What better choice to read to a Catholic family then a book about saints? Mary Fabyan Windeatt‘s books are my favorite for this purpose. The language is simple enough for younger listeners, but the books also have solid content and details to engage older listeners. She wrote about a wide variety of saints so there are many choices!
Laura Ingalls Wilder’s The Little House series is an American family classic. Not only do these books provide a realistic historical portrait of pioneer life, they also offer many life lessons about hard work, compassion, kindness, forgiveness, and perseverance. And of course they also provide an enjoyable story line. Girls will identify with these more than boys since all the books except Farmer Boy are about the Wilder girls, but boys can still enjoy these classic all-American stories.
Reminiscent of the Little House books, the Happy Little Family series chronicles episodes in the lives of an early American family, the Fairchilds. Beautifully written, with characters that jump off the page, these four books are very enjoyable read alouds with great lessons and vivid descriptions of nineteenth century life. For example, in a chapter of the first book, Happy Little Family , the father offers a special arrowhead for whichever of his children first shows true bravery. Stories like these provide great discussion themes: what is bravery or courage, are there different types of courage, how would your child act in the story, how could your child show courage in daily life?
All-of-a-Kind Family and its sequels More All-Of-A-Kind Family and All-Of-A-Kind Family Downtown are charming stories about a Jewish family living in New York City about 100 years ago. These stories about a family with 5 active, engaging young girls are sure to be favorites. They also provide good information about the different holidays and culture within a Jewish family.
Depending on your children’s ages and sensitivity limits, C. S. Lewis’ The Chronicles of Narnia may be a good choice. These books are certainly more intense than the others on this list, so be advised that they may not be a good choice for younger, sensitive children, but slightly older children love these magical tales by a master story teller. The plethora of Christian symbolism and allegory makes these books a rich, thought-provoking read. If your family spends a lot of time driving, here is a wonderful audio version read by a full cast of actors: The Chronicles of Narnia Collector’s Edition (Radio Theatre).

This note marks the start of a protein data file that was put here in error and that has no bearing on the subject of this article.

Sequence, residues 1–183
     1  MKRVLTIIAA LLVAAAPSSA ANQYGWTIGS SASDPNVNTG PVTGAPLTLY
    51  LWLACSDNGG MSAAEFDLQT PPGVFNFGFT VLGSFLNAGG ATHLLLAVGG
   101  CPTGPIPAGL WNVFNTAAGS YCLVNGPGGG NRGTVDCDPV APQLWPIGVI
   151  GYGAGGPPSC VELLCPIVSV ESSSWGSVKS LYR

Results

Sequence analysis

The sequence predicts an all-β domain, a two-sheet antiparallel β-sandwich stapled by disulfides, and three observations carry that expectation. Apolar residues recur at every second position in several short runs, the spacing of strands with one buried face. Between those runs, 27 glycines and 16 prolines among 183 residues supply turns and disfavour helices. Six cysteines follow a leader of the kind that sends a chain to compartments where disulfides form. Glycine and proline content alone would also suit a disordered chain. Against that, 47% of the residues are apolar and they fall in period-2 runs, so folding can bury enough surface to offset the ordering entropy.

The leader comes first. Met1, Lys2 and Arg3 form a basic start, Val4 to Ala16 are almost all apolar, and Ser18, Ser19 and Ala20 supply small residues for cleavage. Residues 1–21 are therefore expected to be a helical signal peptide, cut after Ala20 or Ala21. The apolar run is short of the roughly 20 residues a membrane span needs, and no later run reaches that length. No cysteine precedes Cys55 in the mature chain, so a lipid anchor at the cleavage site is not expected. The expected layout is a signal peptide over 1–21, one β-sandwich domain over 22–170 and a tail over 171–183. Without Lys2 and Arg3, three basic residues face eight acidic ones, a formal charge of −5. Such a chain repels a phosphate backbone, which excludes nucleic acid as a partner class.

The Happy Hollisters is the first in a long series of mysteries featuring the Hollister family. Each book features the large Hollister family who exemplify cheerfulness and teamwork as they help others by solving mysteries. These are not great classics of literature, but wholesome, simple, enjoyable books for if you are looking for a light read aloud. Check out my review here!
If your children are a bit earlier, say eight and older, they will love the Letzenstein Chronicles, which begin with The Crystal Snowstorm. Catholic author Meriol Trevor sets these adventurous stories about orphaned children in the fictional Catholic country of Letzenstein, a tiny European kingdom. These books have heroes and villains to please the adventurous souls. I find their portrayal of the lowly and childlike characters as integral and important both noteworthy and admirable.
For animal lovers, I can’t recommend Marguerite Henry’s Misty of Chincoteague series highly enough! Based on true events, these stories about two children’s hard work and love for horses is really inspiring. Don’t stop at the first book! Read more about Misty, Stormy, and other great horses in Marguerite Henry Stable of Classics.